As much as I enjoyed her work at the New York Times, Ann Powers is doing even better work at the L.A. Times now, more than ably replacing Robert Hilburn there. She's thoughtful as hell and knows how to dig into deep into ideas and concepts surrounding some of the biggest rock and pop acts around today. Yes, she's a popist but unlike others of that clan, she's not snobbish about it and doesn't dole out pot-shots, instead she's "just try(ing) to turn Kylie into Dylan, in a lot of ways" (though she's still a Dylan fan too). If she's got any faults, it's that sometimes, she pushes for a zeitgeist angle too much. Nothing wrong with that- from her exclusive perch, she should take advantage of it and try to make grand statements.
One of her more recent articles got me thinking about an idea I've had for a while: LPs? Hold that swan song. Here, she explores how Arcade Fire, Fall Out Boy and Bloc Party are reviving the album format in their own way and she briefly visits an issue that's worth exploring more: in a digital age, the whole concept of the album by all rights should be wiped out.
But it hasn't. Your favorite and not-so-favorite acts still keep putting out albums. And why is that? Good question, eh? But what's the answer... There are a number of reasons:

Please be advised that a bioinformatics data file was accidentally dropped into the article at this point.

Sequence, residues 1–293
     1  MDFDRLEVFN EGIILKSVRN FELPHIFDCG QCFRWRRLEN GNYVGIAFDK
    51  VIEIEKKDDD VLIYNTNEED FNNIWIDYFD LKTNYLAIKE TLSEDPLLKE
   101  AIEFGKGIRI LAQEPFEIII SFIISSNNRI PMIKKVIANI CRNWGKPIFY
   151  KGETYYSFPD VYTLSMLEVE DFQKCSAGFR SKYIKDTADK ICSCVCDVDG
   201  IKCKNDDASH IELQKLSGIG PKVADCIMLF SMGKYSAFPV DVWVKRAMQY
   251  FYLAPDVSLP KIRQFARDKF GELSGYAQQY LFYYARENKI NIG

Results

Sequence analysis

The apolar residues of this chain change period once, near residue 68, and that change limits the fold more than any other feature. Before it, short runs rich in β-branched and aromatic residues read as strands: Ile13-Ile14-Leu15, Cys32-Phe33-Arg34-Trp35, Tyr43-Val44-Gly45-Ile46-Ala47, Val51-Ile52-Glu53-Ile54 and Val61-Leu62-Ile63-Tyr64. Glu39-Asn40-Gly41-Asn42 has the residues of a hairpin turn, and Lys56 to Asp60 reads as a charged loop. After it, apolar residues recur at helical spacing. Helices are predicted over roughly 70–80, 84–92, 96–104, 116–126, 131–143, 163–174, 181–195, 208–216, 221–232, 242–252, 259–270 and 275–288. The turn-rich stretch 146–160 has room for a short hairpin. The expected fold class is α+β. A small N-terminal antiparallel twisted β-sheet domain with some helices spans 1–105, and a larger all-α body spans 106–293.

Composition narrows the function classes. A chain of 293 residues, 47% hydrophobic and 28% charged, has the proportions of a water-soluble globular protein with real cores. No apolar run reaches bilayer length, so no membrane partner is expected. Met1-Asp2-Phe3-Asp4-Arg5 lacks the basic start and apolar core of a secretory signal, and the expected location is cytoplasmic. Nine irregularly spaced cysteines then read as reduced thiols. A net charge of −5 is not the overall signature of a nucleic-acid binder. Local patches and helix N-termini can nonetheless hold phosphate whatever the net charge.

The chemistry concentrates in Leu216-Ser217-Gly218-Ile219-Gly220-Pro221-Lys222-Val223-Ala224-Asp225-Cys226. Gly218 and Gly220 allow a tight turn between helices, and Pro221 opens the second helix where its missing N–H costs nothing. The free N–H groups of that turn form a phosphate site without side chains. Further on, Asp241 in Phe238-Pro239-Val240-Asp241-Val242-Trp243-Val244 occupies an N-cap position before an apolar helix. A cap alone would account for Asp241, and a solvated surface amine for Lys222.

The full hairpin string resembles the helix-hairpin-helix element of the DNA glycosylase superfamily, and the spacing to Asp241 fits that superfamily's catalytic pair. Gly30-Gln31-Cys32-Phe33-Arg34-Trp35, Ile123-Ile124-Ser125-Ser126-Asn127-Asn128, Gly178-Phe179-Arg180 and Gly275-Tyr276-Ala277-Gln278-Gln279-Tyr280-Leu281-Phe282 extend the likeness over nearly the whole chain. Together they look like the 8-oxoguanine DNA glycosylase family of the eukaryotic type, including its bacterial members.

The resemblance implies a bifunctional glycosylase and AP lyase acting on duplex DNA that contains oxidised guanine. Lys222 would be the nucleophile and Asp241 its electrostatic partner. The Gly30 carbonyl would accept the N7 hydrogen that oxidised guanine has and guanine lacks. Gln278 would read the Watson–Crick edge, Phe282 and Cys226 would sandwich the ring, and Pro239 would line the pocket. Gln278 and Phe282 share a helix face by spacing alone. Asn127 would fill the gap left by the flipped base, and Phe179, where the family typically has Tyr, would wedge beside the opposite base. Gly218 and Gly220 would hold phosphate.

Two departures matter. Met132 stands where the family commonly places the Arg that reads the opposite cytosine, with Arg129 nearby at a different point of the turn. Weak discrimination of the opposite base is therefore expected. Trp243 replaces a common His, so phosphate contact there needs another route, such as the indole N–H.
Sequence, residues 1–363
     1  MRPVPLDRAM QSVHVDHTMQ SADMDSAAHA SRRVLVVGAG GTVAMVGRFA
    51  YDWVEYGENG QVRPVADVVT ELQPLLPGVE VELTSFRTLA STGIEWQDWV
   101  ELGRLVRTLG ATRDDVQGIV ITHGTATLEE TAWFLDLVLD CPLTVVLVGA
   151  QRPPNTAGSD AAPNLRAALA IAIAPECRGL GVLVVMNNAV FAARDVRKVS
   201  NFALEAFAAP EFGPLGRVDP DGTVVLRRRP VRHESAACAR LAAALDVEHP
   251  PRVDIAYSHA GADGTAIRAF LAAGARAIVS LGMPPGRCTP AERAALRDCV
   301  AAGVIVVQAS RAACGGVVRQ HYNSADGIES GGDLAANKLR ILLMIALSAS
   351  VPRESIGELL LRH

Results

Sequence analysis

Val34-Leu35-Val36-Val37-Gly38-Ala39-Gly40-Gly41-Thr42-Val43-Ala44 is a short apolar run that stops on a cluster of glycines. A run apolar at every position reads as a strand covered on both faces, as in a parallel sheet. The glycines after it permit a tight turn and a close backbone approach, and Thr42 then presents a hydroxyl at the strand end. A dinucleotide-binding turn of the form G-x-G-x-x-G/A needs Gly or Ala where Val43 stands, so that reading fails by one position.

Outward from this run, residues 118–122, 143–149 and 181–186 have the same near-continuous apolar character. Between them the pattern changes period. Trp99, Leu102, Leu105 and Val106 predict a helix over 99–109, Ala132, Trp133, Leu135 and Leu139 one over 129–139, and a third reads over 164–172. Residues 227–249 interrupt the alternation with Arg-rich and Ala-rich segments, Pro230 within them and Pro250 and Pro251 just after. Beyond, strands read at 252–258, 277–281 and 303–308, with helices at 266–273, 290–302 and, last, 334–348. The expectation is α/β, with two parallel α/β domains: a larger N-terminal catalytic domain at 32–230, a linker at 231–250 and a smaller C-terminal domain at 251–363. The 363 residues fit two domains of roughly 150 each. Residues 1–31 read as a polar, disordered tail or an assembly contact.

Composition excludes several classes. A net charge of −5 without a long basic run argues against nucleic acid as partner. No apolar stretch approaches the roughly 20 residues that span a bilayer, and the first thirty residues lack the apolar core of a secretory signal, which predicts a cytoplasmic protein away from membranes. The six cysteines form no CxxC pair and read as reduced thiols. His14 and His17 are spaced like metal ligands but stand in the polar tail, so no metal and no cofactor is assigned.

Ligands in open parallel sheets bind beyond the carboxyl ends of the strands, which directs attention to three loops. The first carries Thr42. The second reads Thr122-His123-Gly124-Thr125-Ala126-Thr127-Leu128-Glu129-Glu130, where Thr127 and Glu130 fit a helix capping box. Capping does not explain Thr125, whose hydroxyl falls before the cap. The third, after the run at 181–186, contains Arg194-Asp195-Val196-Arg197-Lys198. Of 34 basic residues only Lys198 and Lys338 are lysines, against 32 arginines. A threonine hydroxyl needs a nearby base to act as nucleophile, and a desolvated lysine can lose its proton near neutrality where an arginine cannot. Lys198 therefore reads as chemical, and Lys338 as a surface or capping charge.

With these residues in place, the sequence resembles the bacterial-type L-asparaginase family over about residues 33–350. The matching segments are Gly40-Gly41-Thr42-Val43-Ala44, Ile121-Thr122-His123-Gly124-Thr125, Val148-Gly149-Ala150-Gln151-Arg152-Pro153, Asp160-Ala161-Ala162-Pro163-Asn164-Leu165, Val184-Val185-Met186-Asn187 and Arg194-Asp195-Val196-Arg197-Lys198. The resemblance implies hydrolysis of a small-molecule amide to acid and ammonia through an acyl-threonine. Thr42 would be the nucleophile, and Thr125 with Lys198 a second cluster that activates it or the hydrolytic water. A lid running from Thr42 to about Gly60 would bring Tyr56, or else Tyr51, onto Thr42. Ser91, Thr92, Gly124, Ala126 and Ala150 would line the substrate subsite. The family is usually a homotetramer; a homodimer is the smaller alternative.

* Force of habit: it's been done this way so long now, dating back to the late 1940's when the format was first introduced. Even major pop singers who thrive on singles are still obliged to have an album out at some point.
* Money: it's a way to sell singles plus filler songs; also record labels and artists can make more selling an album than a single.
* The concept of an album: this is still an artistic statement for a performer to make (not that you couldn't do it with a single but this is a grander way).
* An older demographic demands it: and they'll pay for it just they've been doing for decades.
* Nowadays, it's so cheap that just about anyone can do it (not so in the pre-digital age).
* The alternatives are too confusing: 'albums' are still wed to the CD-length concept (80-minutes or less) and though you could have limitless time in digital form, how many artists have flirted with other ideas about how much or little to release? A: not many. If you have an album coming out every year or so, that makes it easy for an artist to plan their recording and for fans to buy every so often.
As such, I think it's a safe bet that we'll have the album format for some time to come. But that's bound to change at some point. So what's going to be the next leap in music formats?